In tennis, as in life, there is nothing more exciting than a good rivalry.

In 1965, The Beatles, already the most recognizable men in the world, released their first true artistic statement, “Rubber Soul”.  It is one of the period’s best albums, in a time when with each month came a legendary LP. It blew the lid off of what a #1 album could be. The Beatles had been spending a lot of time in the U.S., cavorting with Roger McGuinn (of The Byrds) and Bob Dylan. McGuinn was a principal architect of what would become the folk-rock sound. Dylan was entering his esteemed electric period, and introduced the Fab Four to pot in 1964. Lord knows what they talked about.

I always call “Rubber Soul” a British band imitating an American band imitating a British band (which was, at heart, imitating American music). It is certainly their most “American” work. Twelve-string electric guitar shimmers and chimes in the McGuinn tradition (interestingly, McGuinn had first seen one in George Harrison’s hands, and made it his own trademark). Taking a cue from Dylan, The Beatles attempted to write lyrics more sophisticated than the formulaic “boy meets girl” template that had brought them so much success. Much of “Rubber Soul” is love songs, but they’re interesting love songs reflecting a level of literacy developed through years of writing and the pervasive influence of the American folk movement. It could be called a pre-cursor to the imminent concept album. “Rubber Soul” was The Beatles taking everything they’d learned in America, and distilling it to fourteen tracks.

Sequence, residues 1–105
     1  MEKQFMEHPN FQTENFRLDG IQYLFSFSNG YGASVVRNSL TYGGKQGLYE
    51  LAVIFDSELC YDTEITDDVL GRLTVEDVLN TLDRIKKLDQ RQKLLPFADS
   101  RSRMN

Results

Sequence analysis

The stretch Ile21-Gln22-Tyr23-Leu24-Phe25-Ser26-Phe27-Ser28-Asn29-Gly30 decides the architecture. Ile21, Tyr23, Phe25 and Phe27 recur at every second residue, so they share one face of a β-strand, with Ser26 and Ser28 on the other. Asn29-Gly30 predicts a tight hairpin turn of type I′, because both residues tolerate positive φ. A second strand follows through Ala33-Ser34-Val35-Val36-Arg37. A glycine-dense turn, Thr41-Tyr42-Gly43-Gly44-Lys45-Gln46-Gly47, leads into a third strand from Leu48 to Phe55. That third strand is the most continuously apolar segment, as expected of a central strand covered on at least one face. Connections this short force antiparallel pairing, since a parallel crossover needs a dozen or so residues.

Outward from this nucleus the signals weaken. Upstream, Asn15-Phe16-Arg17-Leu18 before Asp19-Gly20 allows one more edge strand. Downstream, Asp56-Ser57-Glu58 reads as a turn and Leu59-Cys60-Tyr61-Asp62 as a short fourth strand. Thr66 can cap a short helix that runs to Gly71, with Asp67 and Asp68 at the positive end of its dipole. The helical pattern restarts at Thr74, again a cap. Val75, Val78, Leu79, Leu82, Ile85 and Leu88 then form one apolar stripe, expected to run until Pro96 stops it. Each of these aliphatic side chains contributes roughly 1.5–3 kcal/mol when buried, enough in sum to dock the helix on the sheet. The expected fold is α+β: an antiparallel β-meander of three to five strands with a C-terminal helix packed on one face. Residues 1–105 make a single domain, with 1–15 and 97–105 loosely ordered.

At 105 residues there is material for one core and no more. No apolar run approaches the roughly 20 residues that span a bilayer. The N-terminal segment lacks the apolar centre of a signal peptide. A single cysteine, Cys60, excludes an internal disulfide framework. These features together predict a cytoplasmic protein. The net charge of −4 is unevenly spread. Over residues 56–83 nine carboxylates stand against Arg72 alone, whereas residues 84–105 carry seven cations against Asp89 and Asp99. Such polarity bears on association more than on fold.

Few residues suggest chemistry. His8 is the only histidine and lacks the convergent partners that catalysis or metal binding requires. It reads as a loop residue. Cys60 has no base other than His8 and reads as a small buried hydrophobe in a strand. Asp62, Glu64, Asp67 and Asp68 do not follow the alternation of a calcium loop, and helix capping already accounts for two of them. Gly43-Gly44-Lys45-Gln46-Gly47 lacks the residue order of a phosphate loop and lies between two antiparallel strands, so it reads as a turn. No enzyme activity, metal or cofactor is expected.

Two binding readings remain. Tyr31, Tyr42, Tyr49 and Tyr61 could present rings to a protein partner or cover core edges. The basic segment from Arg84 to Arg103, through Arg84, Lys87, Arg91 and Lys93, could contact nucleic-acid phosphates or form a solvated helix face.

The album was a tremendous hit and a universal influence. Living in 2014, it is difficult to comprehend that music can simultaneously be “the best” and “the most popular”.  It doesn’t happen anymore.

Brian Wilson led The Beach Boys, heralded as America’s answer to The Beatles. Wilson took this to heart. He was no stranger to creative rivalry, at the time with ubiquitous producer Phil Spector. Rock lore states that Brian Wilson would listen to Spector’s “Be My Baby” (the best pop song of all time) dozens of times a day, calling it the song he “could never do”. Spector said “I’d like to have a nickel for every joint he smoked trying to figure out how I got the ‘Be My Baby’ sound.”